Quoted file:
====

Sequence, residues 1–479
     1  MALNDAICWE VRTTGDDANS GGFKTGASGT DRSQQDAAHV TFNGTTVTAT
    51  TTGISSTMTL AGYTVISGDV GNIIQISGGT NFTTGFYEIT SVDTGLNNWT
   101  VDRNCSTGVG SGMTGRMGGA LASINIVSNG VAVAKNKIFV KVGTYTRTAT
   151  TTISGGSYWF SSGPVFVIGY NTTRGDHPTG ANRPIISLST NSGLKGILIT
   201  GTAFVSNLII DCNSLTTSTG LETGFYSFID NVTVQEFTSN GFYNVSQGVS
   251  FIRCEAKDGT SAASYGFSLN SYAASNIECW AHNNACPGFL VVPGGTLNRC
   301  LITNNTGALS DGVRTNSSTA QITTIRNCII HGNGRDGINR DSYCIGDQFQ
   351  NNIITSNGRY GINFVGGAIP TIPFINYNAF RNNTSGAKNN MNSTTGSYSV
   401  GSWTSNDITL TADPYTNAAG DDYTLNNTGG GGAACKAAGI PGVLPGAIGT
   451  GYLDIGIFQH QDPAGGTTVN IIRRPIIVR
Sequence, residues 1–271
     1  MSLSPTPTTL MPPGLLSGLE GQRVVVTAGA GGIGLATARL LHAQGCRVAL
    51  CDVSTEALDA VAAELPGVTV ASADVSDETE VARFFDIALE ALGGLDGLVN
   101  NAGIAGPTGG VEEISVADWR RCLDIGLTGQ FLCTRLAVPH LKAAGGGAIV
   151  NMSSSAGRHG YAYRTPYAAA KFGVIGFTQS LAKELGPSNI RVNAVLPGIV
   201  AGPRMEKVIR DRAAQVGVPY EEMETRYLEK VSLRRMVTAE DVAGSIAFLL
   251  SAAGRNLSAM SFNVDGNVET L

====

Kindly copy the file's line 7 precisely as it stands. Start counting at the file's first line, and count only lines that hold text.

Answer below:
   251  FIRCEAKDGT SAASYGFSLN SYAASNIECW AHNNACPGFL VVPGGTLNRC